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One of the benefits that's always listed when comparing mod_perl vs. fastcgi, is that for mod_perl you have to completely reload the app and have downtime, but with fastcgi you can reload the app without having downtime. However, I cannot find any examples of how to do this. Is this possible to reload a Catalyst app that's being run using fastcgi without any downtime? I followed this guide to get my Catalyst app up and running. Thanks!

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2 Answers 2

Yes. An application running under FastCGI (regardless of whether it uses Catalyst or not) can simply exit; and FastCGI will immediately spawn a replacement process, provided that FastCGI has an AppClass defined for that application and the AppClass is configured with a positive -processes count.

If there is no AppClass or -processes is 0, a replacement process will be created when the next request comes in for the application's URI. This may cause a slight delay for that first request while waiting for the app to start up, but the request will still be handled normally.

In either case, there should be no moment at which an incoming request will be lost or otherwise fail, provided that the application is allowed to exit after completing the current request rather than being interrupted in mid-request (e.g., with kill -9).

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so if I were to kill each of the pids of my application running underneath FastCGI, these would reload with whatever changes have been made to my application and then I can continue to use it normally? –  srchulo May 30 '13 at 18:06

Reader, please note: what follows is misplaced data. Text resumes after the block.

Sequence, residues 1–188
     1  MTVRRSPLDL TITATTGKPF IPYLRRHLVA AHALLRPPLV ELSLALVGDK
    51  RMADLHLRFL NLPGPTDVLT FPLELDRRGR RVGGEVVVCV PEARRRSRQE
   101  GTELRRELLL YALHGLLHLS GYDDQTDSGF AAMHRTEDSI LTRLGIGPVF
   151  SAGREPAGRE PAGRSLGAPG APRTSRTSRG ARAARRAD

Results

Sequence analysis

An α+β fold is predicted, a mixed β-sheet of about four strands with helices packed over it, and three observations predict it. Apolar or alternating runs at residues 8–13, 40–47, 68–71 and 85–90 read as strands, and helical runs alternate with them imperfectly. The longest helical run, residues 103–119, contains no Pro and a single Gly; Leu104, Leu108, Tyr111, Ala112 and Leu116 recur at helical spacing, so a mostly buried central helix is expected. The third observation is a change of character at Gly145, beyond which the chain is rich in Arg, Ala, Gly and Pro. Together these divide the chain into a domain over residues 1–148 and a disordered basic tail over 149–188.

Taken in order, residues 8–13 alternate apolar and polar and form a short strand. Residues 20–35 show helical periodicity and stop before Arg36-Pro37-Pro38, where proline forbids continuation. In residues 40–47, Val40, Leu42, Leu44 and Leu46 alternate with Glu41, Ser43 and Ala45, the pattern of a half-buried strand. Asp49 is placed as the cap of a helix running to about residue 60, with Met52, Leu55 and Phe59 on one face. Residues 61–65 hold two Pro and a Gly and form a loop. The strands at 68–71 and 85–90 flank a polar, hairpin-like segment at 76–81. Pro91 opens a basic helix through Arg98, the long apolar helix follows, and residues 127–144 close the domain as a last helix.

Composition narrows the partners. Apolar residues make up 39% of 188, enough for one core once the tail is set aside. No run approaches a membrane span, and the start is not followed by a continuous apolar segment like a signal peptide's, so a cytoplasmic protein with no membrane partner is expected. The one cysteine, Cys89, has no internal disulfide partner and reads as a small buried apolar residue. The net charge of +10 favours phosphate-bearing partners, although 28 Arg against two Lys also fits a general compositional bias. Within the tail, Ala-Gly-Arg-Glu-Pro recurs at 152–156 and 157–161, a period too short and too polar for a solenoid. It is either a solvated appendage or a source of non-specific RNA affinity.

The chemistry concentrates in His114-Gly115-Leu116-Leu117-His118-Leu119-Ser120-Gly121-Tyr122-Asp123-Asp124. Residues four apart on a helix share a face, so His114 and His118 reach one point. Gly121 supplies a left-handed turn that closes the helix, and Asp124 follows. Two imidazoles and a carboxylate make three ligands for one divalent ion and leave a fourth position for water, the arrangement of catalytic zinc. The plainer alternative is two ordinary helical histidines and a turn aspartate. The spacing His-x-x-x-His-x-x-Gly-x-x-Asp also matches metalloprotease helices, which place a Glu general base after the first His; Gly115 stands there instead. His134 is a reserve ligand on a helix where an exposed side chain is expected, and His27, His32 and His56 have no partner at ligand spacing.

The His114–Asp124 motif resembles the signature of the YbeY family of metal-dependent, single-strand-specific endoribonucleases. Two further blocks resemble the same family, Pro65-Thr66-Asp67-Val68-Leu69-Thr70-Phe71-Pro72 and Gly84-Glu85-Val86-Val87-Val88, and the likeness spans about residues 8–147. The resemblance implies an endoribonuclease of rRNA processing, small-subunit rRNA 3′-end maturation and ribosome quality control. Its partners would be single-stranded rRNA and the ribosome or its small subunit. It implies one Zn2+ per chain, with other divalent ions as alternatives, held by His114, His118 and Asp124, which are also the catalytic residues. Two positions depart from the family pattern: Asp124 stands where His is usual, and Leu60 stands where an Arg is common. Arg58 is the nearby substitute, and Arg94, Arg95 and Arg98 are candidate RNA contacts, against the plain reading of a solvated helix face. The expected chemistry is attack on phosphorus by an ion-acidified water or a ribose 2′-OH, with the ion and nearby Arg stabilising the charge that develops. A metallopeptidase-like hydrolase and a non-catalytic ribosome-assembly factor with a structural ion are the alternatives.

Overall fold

Correct. If application processes go away for any reason (killed, exited, crashed...), FastCGI will automatically spawn replacements. –  Dave Sherohman May 30 '13 at 19:59
I see that FastCGI is respawning processes whenever I kill them, however these processes do not seem to have reloaded in the new code, because I am not seeing the changes that I made. However, if I kill the FastCGI process and then start it up again, then I do see the changes. –  srchulo May 30 '13 at 20:19
Yes, that's correct. The new child processes are forked from the parent, and unless you restart the parent, code changes are not seen. The secret is to start a new parent, then kill off the old one. –  RET May 30 '13 at 23:35
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up vote 0 down vote accepted

I was able to create a script that does what I want by combining this guide's script and part of the bash script found in this answer. If you put the script in /etc/init.d and then change the appropriate vars at the top, this script can be pretty useful. Calling:

service script reload


/etc/init.d/script reload

Allows you to have no downtime while the new code loads up. The script can be found here. You just need to download the script, change the variables at the top, do

chmod +x script

and move it into /etc/init.d, and then you're good to go! :)

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